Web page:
Chernobyl Travel by Location Ukraine

Chernobyl and the Power Plant Before the Disaster

Chernobyl Before Disaster
Written by Jeff

Pripyat, Ukraine, was once home to greater than 49,000 residents. The current population is zero, and Pripyat is now a ghost town. However, at the start of 1986, there were over 13,000 apartments to house its residents and schools to accommodate 11,766 elementary and secondary school students. The average resident’s age was 26.

Pripyat Before Disaster
Pripyat, Last Bell celebrations pre-1986 – source: pripyat.com

Pripyat’s restaurants, cafeterias and cafes could serve 5,535 customers at one time. A hospital capable of accommodating 410 patients was in operation, as were three clinics. Less than three miles away, the four 1,000 megawatt reactors at the nearby nuclear power station were generating electricity until the April 1986 disaster now known by its iconic name, Chernobyl.

Pripyat Palace of Culture
Pripyat Palace of Culture – source: pripyat.com

Born Together

The official power plant name during the Soviet Union era was the V.I. Lenin Nuclear Power Station. Construction of the plant and nearby Pripyat both began in 1970. The intent was for Pripyat to provide housing for the plant’s staff and their families. The originally planned location for the plant was about 16 miles from Kiev, but concern was expressed over its proximity to a city of almost 3 million people. It was instead constructed more than 60 miles away and about 12 miles south of the Ukraine-Belarus border.

Construction of Lenin Nuclear Power Plant
Construction of Lenin Nuclear Power Plant – source: pripyat.com

The area surrounding the plant and Pripyat is mostly woodland and farms. Water from the Pripyat River enabled the construction of an 8.5-square-mile manmade reservoir that provided cooling water for the plant’s reactors. Nearby Chernobyl, once home to about 12,000 people and now almost a ghost town, accounts for the power plant’s more commonly known name.

Pripyat River & Cafe
Pripyat River & Cafe – source: pripyat.com

The RBMK Reactors

The Chernobyl nuclear power plant was the first to be built on Ukrainian soil. Its reactors were four Soviet-made RBMK-1000s. The acronym represents their Russian name Reaktor Bolshoy Moshchnosty Kanalny. The English translation is high-power channel reactor.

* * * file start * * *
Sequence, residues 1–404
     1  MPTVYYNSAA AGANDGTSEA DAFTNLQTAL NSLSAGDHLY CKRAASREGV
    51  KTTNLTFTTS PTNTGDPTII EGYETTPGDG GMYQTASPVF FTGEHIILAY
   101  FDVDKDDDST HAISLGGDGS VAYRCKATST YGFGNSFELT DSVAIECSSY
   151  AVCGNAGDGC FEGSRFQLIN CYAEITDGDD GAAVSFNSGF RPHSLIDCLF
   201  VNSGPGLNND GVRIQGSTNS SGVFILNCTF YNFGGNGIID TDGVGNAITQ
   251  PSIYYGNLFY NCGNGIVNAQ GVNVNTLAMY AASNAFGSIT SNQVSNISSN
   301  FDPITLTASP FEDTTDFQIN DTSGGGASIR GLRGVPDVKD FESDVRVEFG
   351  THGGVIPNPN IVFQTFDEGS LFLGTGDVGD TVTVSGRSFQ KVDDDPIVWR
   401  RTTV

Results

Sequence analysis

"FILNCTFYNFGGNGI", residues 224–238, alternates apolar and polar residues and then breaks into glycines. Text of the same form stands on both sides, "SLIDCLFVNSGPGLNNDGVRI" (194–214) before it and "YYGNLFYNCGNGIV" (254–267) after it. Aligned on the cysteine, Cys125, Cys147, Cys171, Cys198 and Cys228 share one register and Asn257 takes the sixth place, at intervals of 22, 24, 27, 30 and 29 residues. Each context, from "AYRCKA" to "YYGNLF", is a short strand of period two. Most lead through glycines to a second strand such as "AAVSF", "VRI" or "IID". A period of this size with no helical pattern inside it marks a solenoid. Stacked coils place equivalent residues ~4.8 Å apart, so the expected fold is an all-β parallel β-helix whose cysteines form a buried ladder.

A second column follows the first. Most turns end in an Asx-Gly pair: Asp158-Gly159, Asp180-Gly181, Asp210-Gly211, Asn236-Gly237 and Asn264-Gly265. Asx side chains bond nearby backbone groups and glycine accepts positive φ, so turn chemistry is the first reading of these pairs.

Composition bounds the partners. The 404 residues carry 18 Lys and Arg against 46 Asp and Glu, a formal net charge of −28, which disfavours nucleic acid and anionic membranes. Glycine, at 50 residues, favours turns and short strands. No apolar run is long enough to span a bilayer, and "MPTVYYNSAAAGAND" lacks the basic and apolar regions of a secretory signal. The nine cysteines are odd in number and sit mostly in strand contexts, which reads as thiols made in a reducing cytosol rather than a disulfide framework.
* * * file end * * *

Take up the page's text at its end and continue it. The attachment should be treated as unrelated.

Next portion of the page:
RBMK Reactor Diagram
RBMK Reactor Diagram

Construction of the plant’s first reactor was completed and commissioned in 1977. Three more RBMK reactors were added and went into operation between 1978 and 1983. The reactors’ technology was developed during the 1960s, intended for speedy production. The four reactors were capable of supplying 10 percent of Ukraine’s electricity, and more reactors were to be added.

RBMK Reactor Zones
RBMK Reactor Zones

RBMK-1000 reactors were fueled by enriched uranium and used graphite to moderate core reactivity. The use of graphite is a significant difference from other reactors, which use water to moderate the reactivity in the core.

RBMK Reactor Flaws

The RBMK-1000 reactor had a greater sensitivity to control-rod movement. The control rods, which were inserted from the extreme top of the reactor, were slow-moving and could not shut down the reactor in time under certain conditions. A localized uncontrolled chain reaction could develop if there were between 15 and 20 channels loaded with fuel without a graphite absorber among them. In other reactors, which used water to moderate the core, steam bubbles would create “voids” that helped reduce core reactivity. This safety feature is not available when graphite moderators are used. There was also an insufficient degree of documentation provided regarding safe operation. These issues all contributed to the Chernobyl disaster.

Chernobyl Power Plant Reactor Hall
Chernobyl Power Plant Reactor Hall – source: pripyat.com

Exclusion Zone Tours

The almost-19-mile radius of the disaster area is called the Exclusion Zone. Tours of the decommissioned plant and the abandoned towns of Pripyat and Chernobyl are available. Visitors exploring the area now number more than 1,000 each year, and for those who are interested in seeing history up close, it’s easy to arrange a tour of Chernobyl.

Sources:

http://pripyat.com/en/pripyat-and-chernobyl.html
http://pripyat.com/en/pripyat-and-chernobyl/pripyat-numbers.html
http://pripyat.com/en/pripyat-and-chernobyl/pripyat-short-introduction.html
https://en.wikipedia.org/wiki/Pripyat
https://www.hko.gov.hk/radiation/tidbit/200606/chernobyl_q2e.htm
https://www.livescience.com/39961-chernobyl.html
https://www.hko.gov.hk/radiation/tidbit/200606/chernobyl_q2e.htm
www.rri.kyoto-u.ac.jp/NSRG/reports/kr79/kr79pdf/Malko1.pdf
https://en.wikipedia.org/wiki/RBMK
https://www.telegraph.co.uk/travel/destinations/europe/ukraine/articles/how-can-i-visit-chernobyl-and-is-it-safe/
http://www.bbc.com/earth/story/20160421-the-chernobyl-exclusion-zone-is-arguably-a-nature-reserve

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